Franco Berardi's book is fundamental therefore in taking as its starting point matters of mass murder, suicide, terrorism, fundamentalism and depression in order to analyse contemporary capitalist from its bleaker and more extreme points. His aim here is of course not to return to politics the figure of the sad militant, receptive only to the suffering in a world which can only be saved through his sacrifice but to make politics face up to the very fact of suffering and anguish, and make itself fit to deal with them.
Panic, Paranoia, Depression
We reserve the term Orwellian for that range of emotions and psychological processes proper to the age of mass societies and Totalitarian state structures. Yet with the collapse of this form of historical experience it is increasingly evident that societies today experience a new range of emotions and forms of psychological processes that propose fundamentally different problems. Berardi's work is an attempt to take seriously this shift, and make the analysis of the emotional and psychological topography of contemporary capitalism as important as any other.
This new experience is built around perhaps 3 fundamental axes, firstly the maintainence of a fundamental goal or aim towards which everything is directed, secondly precarity as the experience of an absence of a fixed place in the world or solid limits and thirdly deterritorialization as the preference for that which is ephemeral and liquid over that which is permanent and solid.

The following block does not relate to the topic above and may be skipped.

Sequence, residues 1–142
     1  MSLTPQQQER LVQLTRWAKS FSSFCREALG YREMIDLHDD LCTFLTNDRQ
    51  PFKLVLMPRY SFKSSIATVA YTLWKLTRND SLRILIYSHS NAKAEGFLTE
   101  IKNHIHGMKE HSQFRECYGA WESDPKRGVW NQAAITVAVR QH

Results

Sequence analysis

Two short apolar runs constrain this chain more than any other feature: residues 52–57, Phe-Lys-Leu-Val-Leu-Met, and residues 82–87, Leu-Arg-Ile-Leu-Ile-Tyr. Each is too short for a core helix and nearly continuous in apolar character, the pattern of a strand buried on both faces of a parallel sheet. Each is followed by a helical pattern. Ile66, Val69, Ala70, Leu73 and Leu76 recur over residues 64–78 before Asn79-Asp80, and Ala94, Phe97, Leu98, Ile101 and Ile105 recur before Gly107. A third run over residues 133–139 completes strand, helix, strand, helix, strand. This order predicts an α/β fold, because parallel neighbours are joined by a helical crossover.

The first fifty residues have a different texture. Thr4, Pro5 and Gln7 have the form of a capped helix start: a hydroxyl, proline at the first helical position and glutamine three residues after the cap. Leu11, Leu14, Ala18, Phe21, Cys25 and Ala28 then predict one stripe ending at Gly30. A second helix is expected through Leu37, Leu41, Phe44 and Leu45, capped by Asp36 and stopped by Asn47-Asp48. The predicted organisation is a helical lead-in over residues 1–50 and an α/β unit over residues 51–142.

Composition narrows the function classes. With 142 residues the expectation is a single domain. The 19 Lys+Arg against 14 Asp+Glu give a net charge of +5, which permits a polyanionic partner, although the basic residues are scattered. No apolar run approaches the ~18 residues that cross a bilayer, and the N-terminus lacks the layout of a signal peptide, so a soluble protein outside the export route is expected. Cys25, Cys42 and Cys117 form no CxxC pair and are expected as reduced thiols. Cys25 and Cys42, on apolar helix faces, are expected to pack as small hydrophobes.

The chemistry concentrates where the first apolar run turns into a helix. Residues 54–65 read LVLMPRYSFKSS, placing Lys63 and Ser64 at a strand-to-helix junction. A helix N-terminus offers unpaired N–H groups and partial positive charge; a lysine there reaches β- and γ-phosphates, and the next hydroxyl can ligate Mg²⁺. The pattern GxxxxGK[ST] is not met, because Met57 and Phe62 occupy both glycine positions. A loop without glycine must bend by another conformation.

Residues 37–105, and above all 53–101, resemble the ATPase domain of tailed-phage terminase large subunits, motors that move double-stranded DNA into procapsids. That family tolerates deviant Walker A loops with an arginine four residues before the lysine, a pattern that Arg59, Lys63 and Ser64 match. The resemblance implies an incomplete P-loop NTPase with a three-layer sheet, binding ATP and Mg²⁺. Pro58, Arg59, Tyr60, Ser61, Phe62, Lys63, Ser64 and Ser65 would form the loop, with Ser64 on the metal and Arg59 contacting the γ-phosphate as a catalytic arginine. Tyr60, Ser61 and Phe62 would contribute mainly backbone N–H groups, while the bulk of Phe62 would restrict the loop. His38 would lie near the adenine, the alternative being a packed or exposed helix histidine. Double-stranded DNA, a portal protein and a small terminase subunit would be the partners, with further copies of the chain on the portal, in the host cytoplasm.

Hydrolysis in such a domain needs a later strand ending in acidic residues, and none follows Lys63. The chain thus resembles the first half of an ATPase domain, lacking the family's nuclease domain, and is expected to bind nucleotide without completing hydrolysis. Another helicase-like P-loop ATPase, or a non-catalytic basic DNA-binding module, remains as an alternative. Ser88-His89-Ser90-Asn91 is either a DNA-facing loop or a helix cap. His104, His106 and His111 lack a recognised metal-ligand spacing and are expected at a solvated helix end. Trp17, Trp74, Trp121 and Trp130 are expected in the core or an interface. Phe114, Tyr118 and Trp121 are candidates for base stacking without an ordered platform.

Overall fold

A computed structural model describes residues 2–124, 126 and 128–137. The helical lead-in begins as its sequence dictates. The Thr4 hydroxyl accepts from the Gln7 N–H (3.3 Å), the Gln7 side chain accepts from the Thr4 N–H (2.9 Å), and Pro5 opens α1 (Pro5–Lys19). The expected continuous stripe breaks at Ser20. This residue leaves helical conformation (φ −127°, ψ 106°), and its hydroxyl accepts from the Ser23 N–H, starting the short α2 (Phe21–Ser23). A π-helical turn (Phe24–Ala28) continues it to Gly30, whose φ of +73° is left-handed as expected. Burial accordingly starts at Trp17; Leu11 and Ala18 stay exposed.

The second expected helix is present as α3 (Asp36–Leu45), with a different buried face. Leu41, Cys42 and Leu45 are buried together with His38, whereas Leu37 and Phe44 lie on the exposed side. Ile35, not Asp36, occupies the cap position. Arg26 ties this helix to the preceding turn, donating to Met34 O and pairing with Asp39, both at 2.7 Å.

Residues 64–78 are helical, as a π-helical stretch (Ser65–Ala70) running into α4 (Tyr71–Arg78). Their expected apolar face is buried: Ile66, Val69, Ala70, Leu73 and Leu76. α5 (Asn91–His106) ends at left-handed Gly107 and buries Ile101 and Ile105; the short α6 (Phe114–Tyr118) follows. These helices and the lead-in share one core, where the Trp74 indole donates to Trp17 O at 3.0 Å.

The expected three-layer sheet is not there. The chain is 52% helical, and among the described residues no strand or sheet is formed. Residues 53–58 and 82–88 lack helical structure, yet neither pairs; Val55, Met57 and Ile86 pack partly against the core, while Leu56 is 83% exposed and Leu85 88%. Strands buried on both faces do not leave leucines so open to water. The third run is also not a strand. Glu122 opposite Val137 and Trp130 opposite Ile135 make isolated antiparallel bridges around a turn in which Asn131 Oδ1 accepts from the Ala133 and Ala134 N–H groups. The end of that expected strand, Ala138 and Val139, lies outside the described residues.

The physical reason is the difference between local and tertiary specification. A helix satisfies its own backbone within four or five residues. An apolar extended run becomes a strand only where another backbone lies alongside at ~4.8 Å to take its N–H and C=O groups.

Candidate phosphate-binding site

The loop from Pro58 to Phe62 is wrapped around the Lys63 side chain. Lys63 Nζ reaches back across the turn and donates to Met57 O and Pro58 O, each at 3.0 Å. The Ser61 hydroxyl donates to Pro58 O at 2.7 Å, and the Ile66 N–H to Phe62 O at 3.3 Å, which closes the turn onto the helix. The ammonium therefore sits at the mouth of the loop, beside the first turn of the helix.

This fundamental aim or goal of contemporary existence is of course success. Everyone is now included in a race to the top which is increasingly taken to be the only legitimate form of existence, the idea that people used to have of absolving themselves from such a race, being a deadbeat, a failed writer or drunk, no longer has currency unless it to can be monetized and commercialised as a form of entrepreneurialism. As Berardi notes however this overarching goal has a fundamental flaw, only a few can ever make it, the race to the top can only ever be won by some otherwise it wouldn't be a race at all. The more generalised feeling felt by most is therefore failure. This is perhaps evidenced more than anything by the increased reliance upon testing and formal qualifications, children are tested more and more and told at each hurdle that failure to succeed will be the end of everything, they won’t get into the right schools, get the required GCSE’s, won’t be viewed by employers as employable. At each stage a new batch of failures are cast off until even most graduates come to find their educational achievements insuffient and useful for nothing. And what it ends up is a great weight of personal responsibility placed upon individuals to assume a failure as being their own which is statistically just the result of a bottle neck effect. Only a few can ever “win” according to the rule of the game, most are only ever destined to play minor roles. As Berardi notes this is of course unhealthy, to have the majority of populations busy reproaching themselves and feeling lacking and inferior might make for a competitive job market, but doesn’t perhaps produce the kind of well-rounded individuals capable of producing a satisfied society. What is occurring is rather a build-up of resentment in the system.